And there's no doubt the White Sox are in the market for starting pitching this winter. Michael Kopech is recovering from Tommy John surgery, and the White Sox decided not to pick up James Shields' option for 2019. That leaves two holes in the starting rotation. An addition like Keuchel would be a long-term one, which means the White Sox would opt to make him a safety net for their still-developing fleet of young pitchers and choose not to roll the dice on a homegrown starting staff for 2020. However, if they're confident in a quintet of Kopech, Carlos Rodon, Lucas Giolito, Reynaldo Lopez and Dylan Cease, then maybe they opt for a couple one-year fill-ins in 2019. Keuchel would not be a one-year fill-in.

Keuchel could also fill the role vacated by Shields, a veteran who could help bring along the young guys in an off-the-field mentor role. His experience going through the dark days of a rebuild — he was a member of Astros teams that lost a combined 310 games from 2012 to 2014 — and coming out the other end a world champ would also figure to be of value.

Of course, the White Sox wouldn't be alone in a pursuit of Keuchel, if they were interested. Thanks to Clayton Kershaw signing a new contract extension with the Los Angeles Dodgers, he's one of the two biggest names on the market when it comes to starting pitchers. The White Sox would likely have to go through the same bidding war and pitch of planned future success they would with other big names like Corbin, Bryce Harper and Manny Machado.

But there's no doubt Keuchel would be an upgrade to this rotation in 2019 and could provide plenty of value for years beyond.

ESPN forgot about the White Sox again, and the Big Hurt let 'em hear about it

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USA TODAY

ESPN forgot about the White Sox again, and the Big Hurt let 'em hear about it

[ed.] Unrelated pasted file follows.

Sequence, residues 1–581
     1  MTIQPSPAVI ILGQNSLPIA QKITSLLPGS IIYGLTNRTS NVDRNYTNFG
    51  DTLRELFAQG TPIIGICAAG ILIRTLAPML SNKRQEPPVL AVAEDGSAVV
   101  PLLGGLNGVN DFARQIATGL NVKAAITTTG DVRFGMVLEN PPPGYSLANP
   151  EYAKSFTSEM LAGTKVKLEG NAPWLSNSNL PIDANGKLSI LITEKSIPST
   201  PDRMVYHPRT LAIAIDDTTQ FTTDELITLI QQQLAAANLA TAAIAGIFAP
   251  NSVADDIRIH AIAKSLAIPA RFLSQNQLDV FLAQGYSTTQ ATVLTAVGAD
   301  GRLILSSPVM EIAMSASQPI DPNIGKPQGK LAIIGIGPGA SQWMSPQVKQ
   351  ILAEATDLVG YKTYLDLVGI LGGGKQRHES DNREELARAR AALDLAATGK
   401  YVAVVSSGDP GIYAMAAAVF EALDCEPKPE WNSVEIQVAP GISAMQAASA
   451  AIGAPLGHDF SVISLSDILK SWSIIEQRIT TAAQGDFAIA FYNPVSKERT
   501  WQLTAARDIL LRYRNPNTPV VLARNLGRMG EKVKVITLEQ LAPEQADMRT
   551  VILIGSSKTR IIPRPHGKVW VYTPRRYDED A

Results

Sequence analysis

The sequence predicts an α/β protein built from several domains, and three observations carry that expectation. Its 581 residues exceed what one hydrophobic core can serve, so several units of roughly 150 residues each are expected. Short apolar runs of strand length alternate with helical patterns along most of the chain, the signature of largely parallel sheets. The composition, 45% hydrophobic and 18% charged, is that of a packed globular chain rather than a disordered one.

ESPN forgot about the White Sox again.

The Worldwide Leader in Sports has made a habit of failing to remember the South Siders in recent years, most notably forgetting (on multiple occasions) that the White Sox did in fact win the 2005 World Series.

It happened enough times that A.J. Pierzynski had some opinions about it.

This time, the omission came in an effort to illustrate how good Mike Trout is, with ESPN researcher Paul Hembekides listing baseball players who appeared in the top four in MVP voting three or more times. Trout, the Los Angeles Angels superstar, has already done it seven times, and boy that is terrific.

But Hembekides left someone out. And that someone let him hear about it.

You tell 'em, Frank.

Yes, the Big Hurt finished in the top four of the AL MVP vote on six separate occasions: 1991 (third), 1993 (first), 1994 (first), 1997 (third), 2000 (second) and 2006 (fourth, while playing for the Oakland Athletics).

ESPN's blind spot for the White Sox doesn't end up meaning much of anything, though it's amusing that they've now managed to leave out a relatively recent World Series champion and a relatively recent first-ballot Hall of Famer.

We all make mistakes. But it's a little funny that ESPN's are, repeatedly, White Sox related.